Te Kete Ipurangi Navigation:

Te Kete Ipurangi
Communities
Schools

Te Kete Ipurangi user options:


New Zealand Curriculum Online navigation

Home

Cross-school themes: Managing change

This section of the report discusses the main cross-school themes that emerged from this research. These themes are also related to insights from relevant literature. Details about the approaches used at each school are provided in the individual school case studies that follow this section.

Managing change: Commonalities in schools’ approaches

Reviewing the big picture: What were the drivers?

School leaders saw the key competencies framework to be a timely development as it offered them a lens through which they could view and evaluate school practices. These schools were engaged in a period of reviewing their practice in respect to curriculum delivery and pedagogy. One key driver of this review process was a desire to reduce what many perceived to be “curriculum clutter”, with the overall aim of increasing the coherence of school programmes. A second driver was an interest in further exploring approaches such as curriculum integration. Recent national and school professional development (such as AtoL, and literacy and numeracy contracts) emphasised whole-school approaches, reflective practice, and student-centred pedagogies such as formative assessment. For these school leaders, greater curriculum integration was seen as a way of achieving this wider set of reforms. Related to this was a desire to further develop pedagogy and practices that were unique to their school environment to create a strong school identity.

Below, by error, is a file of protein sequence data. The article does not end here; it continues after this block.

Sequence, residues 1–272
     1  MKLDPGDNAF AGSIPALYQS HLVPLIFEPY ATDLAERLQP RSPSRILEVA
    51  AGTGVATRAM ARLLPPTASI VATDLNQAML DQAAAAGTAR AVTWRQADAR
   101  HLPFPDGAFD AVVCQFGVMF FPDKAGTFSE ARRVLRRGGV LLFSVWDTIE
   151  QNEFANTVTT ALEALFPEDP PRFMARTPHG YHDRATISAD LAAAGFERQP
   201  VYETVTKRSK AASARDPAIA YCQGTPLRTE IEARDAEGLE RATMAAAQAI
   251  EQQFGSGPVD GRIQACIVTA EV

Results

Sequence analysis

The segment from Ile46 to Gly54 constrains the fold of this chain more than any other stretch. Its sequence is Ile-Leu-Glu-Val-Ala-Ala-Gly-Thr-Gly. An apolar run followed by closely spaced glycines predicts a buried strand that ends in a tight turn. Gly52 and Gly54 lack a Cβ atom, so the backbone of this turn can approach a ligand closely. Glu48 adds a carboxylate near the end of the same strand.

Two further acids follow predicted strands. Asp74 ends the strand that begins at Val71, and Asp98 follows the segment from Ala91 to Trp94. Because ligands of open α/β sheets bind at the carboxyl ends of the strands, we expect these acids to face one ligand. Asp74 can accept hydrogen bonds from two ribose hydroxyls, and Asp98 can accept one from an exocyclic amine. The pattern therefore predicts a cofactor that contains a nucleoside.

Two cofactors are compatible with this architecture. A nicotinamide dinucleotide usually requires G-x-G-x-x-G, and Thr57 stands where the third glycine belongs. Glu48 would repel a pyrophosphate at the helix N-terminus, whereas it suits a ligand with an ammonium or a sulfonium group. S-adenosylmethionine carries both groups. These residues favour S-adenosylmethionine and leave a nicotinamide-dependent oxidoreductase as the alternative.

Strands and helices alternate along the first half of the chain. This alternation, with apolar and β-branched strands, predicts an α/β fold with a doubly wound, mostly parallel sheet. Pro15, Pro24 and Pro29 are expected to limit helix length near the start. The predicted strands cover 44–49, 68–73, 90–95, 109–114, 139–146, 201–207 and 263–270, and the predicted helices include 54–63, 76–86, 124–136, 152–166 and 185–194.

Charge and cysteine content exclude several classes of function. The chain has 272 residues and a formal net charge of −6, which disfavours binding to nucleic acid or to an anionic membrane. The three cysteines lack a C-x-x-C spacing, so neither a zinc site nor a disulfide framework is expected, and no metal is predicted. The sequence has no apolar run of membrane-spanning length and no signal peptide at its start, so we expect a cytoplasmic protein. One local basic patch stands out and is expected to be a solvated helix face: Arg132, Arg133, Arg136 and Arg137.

School leaders noted that a focus on the key competencies supported the foregrounding of a “hidden curriculum” of attitudes, values, and social skills. They saw the framework to be aligned with the student-centred practices they were currently developing. The NSA also saw the trialling of approaches to the key competencies as an opportunity for the schools to become more involved in or take a leading role in national education initiatives.

Professional leadership

At all six case study schools the principals and/or the senior management team were involved in setting the direction for the exploration of the key competencies. These leaders worked collaboratively with staff, but also saw their role as a key learner and professional leader. The school change literature notes that focused leadership is central to developing, nurturing, and sustaining change (Fullan, 2005; Hargreaves & Fink, 2004; Harris, 2002). This literature emphasises professional and pedagogical leadership as a key support for change (Sammons, Hillman, & Mortimore, 1995; School of Education: The University of Queensland, 2001a; Stoll & Fink, 1996). School leaders were enthusiastic about this opportunity to develop their role as a professional educator rather than as an administrator. The NSA forums provided a valuable place for them to engage in professional discussion with their peers. These meetings supported those involved to develop a shared understanding of the key competencies framework across schools and build on each other’s ideas and experiences.

School leaders also used this opportunity to develop leadership capabilities in their staff. At all schools, a range of staff were encouraged to take on leadership roles in developing school approaches to the key competencies.

Developing processes for unpacking the key competencies